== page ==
In this talk I report on a series of studies that attempt to characterize the role of language and nonverbal behavior in relationship-building and rapport in humans, and then to use the results to implement embodied conversational agents capable of rapport with their users. In particular, we are implementing virtual survey interviewers that can use rapport to elicit truthful responses, and virtual direction-giving agents that behave differently as they give directions over the lifetime of use. We are implementing virtual peers that can engage in collaborative learning with children within different dialect communities, virtual peers that can scaffold the learning of rapport behaviors in children with autism spectrum disorder, and virtual peers that can be used to assess the social skills deficits of children with autism spectrum disorder so as to better plan their treatment. The goal of the research program is to better understand linguistic and nonverbal coordination devices from the utterance level to the relationship level: how they work in humans, how they can be modeled in virtual humans, and how virtual humans can be implemented to help humans have productive and satisfying relationships, with machines and with one another, over long perids of time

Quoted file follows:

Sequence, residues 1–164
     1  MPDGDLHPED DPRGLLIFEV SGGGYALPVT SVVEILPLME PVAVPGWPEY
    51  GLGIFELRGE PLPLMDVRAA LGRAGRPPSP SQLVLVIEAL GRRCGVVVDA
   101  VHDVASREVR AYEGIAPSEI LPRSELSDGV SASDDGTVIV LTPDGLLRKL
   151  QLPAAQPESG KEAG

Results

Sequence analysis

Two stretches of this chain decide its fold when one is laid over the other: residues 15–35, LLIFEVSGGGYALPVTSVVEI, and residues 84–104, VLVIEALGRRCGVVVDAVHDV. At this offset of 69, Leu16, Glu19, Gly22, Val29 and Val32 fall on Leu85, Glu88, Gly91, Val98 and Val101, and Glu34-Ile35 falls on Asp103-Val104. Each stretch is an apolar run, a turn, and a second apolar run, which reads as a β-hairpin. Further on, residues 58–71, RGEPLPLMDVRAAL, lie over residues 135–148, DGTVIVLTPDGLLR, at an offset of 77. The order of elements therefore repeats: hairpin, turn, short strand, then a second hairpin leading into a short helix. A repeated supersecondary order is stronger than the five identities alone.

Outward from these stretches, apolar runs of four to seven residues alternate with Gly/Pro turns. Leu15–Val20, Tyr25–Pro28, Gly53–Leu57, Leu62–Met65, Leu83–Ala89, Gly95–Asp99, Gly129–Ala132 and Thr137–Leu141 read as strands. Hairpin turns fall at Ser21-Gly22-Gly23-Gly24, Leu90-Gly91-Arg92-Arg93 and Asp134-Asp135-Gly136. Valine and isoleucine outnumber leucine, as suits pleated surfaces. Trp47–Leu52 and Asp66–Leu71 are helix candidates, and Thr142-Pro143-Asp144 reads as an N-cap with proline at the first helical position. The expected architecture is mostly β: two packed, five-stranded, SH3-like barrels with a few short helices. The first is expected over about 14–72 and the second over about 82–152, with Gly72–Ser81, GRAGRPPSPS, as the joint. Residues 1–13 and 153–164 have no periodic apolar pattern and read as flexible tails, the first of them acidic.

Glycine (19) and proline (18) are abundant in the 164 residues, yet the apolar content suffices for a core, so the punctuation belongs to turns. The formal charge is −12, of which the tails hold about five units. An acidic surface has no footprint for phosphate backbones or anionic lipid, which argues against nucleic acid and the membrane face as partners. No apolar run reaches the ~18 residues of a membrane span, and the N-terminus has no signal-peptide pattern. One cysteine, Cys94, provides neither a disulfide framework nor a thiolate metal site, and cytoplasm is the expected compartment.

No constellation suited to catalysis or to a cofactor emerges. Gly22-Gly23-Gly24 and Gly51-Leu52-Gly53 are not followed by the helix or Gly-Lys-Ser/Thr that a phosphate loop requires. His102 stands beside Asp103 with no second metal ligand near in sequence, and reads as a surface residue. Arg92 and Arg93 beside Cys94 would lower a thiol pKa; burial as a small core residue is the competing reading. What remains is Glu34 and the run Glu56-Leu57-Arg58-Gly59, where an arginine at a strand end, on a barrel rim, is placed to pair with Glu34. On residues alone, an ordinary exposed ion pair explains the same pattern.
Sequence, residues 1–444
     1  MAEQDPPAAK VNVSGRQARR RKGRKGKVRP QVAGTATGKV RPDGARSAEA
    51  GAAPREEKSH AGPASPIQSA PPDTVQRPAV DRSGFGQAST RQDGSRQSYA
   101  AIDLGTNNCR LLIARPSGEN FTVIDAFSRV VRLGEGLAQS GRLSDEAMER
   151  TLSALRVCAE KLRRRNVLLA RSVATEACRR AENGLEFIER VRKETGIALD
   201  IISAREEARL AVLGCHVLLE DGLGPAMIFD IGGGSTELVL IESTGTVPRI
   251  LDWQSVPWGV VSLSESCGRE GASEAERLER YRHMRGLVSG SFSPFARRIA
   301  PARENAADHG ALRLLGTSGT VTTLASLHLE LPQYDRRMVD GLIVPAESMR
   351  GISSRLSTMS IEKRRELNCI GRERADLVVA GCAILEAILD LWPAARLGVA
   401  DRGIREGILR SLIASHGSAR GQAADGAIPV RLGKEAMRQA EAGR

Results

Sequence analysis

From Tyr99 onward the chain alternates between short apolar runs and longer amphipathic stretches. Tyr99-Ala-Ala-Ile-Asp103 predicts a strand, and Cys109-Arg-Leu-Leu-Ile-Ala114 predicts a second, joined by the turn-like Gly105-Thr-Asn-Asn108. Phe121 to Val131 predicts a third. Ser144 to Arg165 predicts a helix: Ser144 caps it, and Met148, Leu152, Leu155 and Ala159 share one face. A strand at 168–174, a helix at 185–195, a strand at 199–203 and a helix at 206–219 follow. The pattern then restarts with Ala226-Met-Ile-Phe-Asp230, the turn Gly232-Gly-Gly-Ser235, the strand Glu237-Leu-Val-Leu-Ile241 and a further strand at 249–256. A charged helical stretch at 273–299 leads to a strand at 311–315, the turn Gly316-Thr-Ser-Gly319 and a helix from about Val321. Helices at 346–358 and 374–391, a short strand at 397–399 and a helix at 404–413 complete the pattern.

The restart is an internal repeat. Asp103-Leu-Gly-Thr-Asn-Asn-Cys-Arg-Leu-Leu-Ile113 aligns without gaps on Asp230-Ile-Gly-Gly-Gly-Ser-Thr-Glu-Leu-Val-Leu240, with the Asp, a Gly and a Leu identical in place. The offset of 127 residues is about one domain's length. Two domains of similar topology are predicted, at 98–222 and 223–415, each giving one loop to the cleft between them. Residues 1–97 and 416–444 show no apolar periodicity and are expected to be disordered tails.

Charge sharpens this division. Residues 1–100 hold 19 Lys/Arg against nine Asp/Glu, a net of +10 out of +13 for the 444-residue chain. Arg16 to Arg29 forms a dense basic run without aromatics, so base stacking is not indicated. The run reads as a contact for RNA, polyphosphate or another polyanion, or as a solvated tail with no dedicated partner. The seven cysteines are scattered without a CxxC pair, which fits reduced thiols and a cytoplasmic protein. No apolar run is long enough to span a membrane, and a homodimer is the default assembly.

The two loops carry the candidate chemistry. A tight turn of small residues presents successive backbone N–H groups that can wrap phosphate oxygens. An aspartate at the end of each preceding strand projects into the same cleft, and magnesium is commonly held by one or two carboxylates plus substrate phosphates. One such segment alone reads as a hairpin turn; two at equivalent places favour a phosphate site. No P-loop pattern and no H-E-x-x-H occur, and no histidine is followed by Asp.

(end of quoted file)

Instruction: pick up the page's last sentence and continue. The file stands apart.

Bibliographic reference. Cassell, Justine (2008): "Modelling rapport in embodied conversational agents", In INTERSPEECH-2008, 18-19.